One of the increasingly evident differences between the liberals and the conservatives is, apparently, crudely simple: Democrats aren’t breeding fast enough while Republicans are happily procreating.  

High fertility appears to be an indicator of religious conviction and conservatism. According to Phillip Longman’s article in The Washington Post, a robust 47 percent of consistent churchgoers claim that they would ideally have a family with three or more children, while only 27 percent of their more secular counterparts want such large families. The religiously minded voters in these larger families tend to support the conservatives, and Longman, who is a senior fellow at the New America Institute (an independent, non-partisan, non-profit public policy institute) continues:

Of the top 10 most fertile states, all but one voted for Bush in 2000. Among the 17 states that still produce enough children to replace their populations, all but two — Iowa and Minnesota — voted for Bush in the last election. Conversely, the least fertile states — a list that includes Maine, Massachusetts, Pennsylvania and Connecticut — went overwhelmingly for Al Gore. Women living in Gore states on average have 12 percent fewer babies than women living in Bush states.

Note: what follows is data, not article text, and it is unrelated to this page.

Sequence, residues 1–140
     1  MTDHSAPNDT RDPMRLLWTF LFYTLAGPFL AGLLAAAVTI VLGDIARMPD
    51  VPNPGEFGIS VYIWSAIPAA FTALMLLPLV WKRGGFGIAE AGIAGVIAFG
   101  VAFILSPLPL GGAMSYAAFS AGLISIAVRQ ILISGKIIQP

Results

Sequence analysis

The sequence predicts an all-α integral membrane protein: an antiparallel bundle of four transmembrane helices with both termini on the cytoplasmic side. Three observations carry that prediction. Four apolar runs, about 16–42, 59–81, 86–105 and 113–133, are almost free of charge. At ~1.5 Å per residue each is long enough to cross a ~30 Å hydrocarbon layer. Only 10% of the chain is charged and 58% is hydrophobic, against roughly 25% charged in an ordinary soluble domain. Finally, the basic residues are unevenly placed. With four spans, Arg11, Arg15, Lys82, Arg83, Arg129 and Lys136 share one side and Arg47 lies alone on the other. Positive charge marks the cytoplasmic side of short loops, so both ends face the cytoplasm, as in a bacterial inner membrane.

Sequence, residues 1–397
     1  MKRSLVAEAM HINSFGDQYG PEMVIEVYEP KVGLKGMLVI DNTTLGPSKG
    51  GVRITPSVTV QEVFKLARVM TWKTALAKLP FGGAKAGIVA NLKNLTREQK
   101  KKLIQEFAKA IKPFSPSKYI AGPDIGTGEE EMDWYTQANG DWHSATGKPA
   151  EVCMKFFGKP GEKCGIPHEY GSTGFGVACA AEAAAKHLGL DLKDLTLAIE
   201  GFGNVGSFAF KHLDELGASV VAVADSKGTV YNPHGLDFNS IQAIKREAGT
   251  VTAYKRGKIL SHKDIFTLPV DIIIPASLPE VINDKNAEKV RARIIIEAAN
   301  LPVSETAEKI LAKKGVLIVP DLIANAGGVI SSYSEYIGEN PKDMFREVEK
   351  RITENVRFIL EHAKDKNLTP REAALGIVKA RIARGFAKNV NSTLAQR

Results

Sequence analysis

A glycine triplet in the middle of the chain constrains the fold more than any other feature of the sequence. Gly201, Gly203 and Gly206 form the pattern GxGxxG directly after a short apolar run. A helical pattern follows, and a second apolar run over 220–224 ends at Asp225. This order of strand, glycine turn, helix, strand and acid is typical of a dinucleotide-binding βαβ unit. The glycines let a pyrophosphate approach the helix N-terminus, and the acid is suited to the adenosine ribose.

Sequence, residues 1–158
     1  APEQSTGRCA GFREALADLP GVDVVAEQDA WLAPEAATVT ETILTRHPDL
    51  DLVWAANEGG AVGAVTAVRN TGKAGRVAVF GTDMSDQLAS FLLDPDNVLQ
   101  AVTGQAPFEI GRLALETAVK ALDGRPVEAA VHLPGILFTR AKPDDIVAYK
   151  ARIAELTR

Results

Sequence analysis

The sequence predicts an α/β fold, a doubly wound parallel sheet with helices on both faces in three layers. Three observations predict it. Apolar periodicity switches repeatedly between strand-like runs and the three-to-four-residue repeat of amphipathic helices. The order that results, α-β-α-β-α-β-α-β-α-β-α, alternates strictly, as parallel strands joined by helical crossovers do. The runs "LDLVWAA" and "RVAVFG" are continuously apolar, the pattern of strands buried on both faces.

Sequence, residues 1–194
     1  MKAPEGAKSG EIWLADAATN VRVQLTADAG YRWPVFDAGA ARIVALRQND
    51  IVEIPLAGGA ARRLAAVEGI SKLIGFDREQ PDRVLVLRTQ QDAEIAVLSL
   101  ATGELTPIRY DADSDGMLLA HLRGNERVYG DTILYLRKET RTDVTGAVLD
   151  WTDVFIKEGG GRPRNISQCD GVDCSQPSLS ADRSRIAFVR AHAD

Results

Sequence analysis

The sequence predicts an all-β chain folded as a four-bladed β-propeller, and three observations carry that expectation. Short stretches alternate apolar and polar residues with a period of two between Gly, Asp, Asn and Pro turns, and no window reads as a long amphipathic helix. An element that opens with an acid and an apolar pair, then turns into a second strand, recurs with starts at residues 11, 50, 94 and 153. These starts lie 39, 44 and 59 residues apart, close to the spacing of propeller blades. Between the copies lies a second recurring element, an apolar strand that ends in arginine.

Longman’s work is interesting for its predictive value, but his conclusion seems a bit panicky; he suggests that with Republicans filling both cradles and ballot boxes, the Democrats have a dwindling future — in his words, “if ‘Metros’ don’t start having more children, America’s future is ‘Retro.’” Such analysis neglects to take into consideration the voting patterns of immigrants and the changing loyalties of certain voting blocks, such as American Muslims and Arab Americans. Furthermore, Longman’s data is indicative not only of the political inclinations of Republicans and Democrats but also of levels of voter participation; fertility levels of conservatives and liberals may have ramifications on future generations, but the more immediate and ultimately important factor is voter participation.

Mimi Hanaoka


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